33. FUNCTIONALISM Functionalism begins with the assumption that; supranationality is the only method available to states to secure maximum welfare and then proceeds to provide an insightful account of how integration evolves using concepts such as functional spillover, updating of common interests , and subnational and supranational group dynamics.

    34. FUNCTIONALISM His assumptions is based on that nation states capabilities doing things efficient less than the capabilities of international organizations.

    35. FUNCTIONALISM “problem of our time is not how to keep nations peacefully apart but how to bring them actively together” Peace “is more likely to grow through doing things together in workshops and marketplace than by singing pacts in chancelleries”

    36. FUNCTIONALISM Mitrany claim that nationalism is threat to world peace. He insists that dependencies among nations based on mutually cooperation and beneficiary agricultural, health, transportation and other areas like these should be reverse from national level to international.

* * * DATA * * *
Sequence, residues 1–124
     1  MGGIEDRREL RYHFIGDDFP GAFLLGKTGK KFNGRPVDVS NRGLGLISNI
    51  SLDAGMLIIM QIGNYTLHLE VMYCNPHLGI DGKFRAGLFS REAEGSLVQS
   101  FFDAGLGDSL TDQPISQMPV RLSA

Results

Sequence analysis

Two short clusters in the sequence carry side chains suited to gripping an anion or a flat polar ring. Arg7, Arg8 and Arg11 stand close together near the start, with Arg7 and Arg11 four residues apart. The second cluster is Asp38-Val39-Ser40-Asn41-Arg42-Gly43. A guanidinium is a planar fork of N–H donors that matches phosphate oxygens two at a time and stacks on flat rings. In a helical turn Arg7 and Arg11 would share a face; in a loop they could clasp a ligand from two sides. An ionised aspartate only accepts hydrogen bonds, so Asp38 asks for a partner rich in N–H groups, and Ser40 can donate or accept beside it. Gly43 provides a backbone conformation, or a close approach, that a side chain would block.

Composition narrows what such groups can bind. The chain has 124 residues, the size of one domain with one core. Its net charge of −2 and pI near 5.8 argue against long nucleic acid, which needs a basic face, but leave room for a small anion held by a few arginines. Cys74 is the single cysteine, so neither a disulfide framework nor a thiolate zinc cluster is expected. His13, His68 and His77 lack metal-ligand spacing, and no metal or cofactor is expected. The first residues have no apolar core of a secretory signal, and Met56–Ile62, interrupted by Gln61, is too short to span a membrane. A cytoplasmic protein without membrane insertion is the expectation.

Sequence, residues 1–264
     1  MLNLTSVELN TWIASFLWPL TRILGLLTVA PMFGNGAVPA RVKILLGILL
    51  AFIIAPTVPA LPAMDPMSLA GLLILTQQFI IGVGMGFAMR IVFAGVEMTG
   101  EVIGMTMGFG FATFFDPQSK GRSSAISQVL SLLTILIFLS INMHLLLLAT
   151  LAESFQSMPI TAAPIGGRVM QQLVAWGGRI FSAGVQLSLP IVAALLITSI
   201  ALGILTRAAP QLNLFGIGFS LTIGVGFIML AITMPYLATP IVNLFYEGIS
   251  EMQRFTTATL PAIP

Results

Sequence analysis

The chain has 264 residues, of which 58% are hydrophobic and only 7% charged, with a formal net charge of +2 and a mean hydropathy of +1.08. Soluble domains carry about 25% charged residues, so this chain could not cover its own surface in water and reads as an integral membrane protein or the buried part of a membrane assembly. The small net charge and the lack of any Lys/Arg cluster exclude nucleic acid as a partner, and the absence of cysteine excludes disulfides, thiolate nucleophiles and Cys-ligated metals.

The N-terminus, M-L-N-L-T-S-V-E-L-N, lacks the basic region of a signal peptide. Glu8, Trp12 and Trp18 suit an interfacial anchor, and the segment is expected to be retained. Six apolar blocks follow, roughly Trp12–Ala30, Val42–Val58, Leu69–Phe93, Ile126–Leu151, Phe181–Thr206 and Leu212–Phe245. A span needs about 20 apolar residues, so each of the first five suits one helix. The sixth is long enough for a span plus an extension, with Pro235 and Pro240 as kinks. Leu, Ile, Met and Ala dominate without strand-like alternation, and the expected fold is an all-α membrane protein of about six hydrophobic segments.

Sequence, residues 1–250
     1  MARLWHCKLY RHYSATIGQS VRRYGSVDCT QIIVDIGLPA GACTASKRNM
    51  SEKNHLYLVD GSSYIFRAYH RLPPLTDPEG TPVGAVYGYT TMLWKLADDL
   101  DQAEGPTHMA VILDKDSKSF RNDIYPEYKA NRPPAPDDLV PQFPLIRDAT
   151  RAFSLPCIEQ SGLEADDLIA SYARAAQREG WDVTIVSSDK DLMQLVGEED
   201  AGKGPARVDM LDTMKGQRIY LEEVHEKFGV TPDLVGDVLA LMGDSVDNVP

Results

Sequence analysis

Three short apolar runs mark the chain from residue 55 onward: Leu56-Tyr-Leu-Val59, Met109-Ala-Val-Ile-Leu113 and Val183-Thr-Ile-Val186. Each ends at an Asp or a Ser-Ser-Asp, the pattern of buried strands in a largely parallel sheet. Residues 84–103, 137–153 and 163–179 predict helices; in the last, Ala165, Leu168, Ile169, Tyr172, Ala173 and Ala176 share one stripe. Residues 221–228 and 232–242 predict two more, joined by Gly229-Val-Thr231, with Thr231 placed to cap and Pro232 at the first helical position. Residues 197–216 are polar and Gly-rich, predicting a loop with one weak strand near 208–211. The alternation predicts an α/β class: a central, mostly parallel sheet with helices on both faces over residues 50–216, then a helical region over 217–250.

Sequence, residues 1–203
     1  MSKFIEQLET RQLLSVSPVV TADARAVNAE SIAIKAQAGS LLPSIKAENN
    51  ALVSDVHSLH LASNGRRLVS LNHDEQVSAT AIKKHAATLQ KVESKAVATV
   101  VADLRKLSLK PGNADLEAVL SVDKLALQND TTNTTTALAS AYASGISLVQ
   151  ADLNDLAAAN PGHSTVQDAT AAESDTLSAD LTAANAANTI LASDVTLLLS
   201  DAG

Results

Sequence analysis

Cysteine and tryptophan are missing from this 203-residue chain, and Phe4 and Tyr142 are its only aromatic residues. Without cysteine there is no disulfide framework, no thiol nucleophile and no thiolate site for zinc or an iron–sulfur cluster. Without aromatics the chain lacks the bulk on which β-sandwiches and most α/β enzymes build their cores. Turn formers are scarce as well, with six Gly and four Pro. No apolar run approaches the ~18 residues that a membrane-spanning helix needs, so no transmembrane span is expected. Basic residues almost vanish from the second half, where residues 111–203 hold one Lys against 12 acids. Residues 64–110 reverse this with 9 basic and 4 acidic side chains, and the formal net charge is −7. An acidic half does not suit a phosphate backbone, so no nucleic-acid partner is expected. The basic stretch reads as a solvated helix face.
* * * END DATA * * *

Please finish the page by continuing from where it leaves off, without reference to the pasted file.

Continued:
37. FUNCTIONALISM Coactivity rather than national coexistance defines the ideal of peace. He put his faith “not in protected peace but in a working peace”.

    38. FUNCTIONALISM Functional cooperation does not start from the political but from the low-key economic and social plane such as the joint management of scarce resources, unemployment, commodity price fluctuations, labor standarts, and public health.

    39. FUNCTIONALISM • Functionalism is applicable at both regional and global levels and has been important in explaining the evolution of the European Union as a process of economic integration, gradually spilling over into limited political integration.

    40. FUNCTIONAL INTEGRATION Functional Integration, that is, the provision of common rules, regulations, and policies embodied in an integrated governance structure, may begin with exchance rate coordination.

    41. FUNCTIONALISM The weaknesses of functionalism; 1. It is not properly speaking a theory of integration but rather than a normative method. 2. Integration is in fact sought to secure peace, is not fully compelling. (Why were not all European countries participating in the peace-building effort from the begining?)